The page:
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Preserving Funding to Medicaid and Medicare

By Colin McCluney
AMSA Education & Advocacy Fellow

Last week, I had the pleasure of representing AMSA, along with other national leaders, at meetings at the White House and the Capitol to emphasize the importance of preserving funding to Medicaid and Medicare. While key entitlement programs are on the chopping block, we want the voice of physicians-in-training to be heard. AMSA joined with 14 other physician organizations in signing a coalition letter to oppose cuts to Medicaid and Medicare; this letter was hand-delivered to leadership from both parties in the House and the Senate. In addition to expressing our opposition to any reduction in benefits or coverage from Medicaid and Medicare, we emphasized our support for innovation in health care administration to reduce costs.

Medicare has long been one of the most popular governmental programs, covering over 45,000,000 individuals, and has thus been largely protected from significant cuts. Medicaid, on the other hand, is less well-regarded and is frequently targeted as an opportunity for cuts. Why is this? Perhaps it’s due in part to the unglamorous perception that Medicaid is for poor people, a segment of the population that is hard to mobilize politically, frequently forgotten about and easy to demonize (think about the notion of lazy welfare cheats for example). On top of that, some groups and individuals have claimed that people are better off being uninsured than having Medicaid. Take all these things together and you can see how easy it could be to cut elements of the program. As you might have intuited though, these assertions aren’t true. While Medicaid does cover eligible individuals at certain poverty thresholds, it is worth noting that Medicaid covers some 30,000,000 children nationwide and provides payment for about a third of all births. Most exciting, though, are the recent findings to come out of a randomized controlled trial of Medicaid in Oregon. The origins and methodology have been extensively reviewed elsewhere but the key results were that individuals with Medicaid received more preventive care (for example, mammograms), had fewer financial problems (for example, borrowing money to pay debt or having bills end up in collections), reported having a regular doctor, and were much more likely to rate their own health as “excellent” or “good” (rather than “fair” or “poor”). While objective data on quantitative health outcomes won’t be available for another year or more, it is clear that Medicaid has already had a substantial positive impact on those individuals lucky enough to have been enrolled. This study – the first on the effects of health insurance since the landmark Rand study – shows clearly the value of Medicaid in improving the health and well-being of some of the most vulnerable Americans.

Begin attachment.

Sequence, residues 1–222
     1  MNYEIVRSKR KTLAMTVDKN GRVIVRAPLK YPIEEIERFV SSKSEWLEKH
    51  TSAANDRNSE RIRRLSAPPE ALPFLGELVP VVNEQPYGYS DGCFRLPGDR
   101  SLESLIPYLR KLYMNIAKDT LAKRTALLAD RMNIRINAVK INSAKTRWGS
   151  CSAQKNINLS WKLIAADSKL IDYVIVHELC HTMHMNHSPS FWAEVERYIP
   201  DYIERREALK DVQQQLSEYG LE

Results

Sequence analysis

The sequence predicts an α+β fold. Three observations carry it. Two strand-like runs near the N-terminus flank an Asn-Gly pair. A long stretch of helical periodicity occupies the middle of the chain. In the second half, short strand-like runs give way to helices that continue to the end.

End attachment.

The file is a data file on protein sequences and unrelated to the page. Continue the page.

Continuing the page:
The budget negotiations will rumble on and Medicaid & Medicare will continue to be targets for cuts. Even after this round of discussions is finished, it is clear that there will be more battles to come. We see, however, that these programs are essential and effective in helping provide access to necessary medical care for a significant portion of the population, and we will continue to fight to support Medicare and Medicaid, to oppose cuts, to ensure & expand coverage, and to reduce waste.

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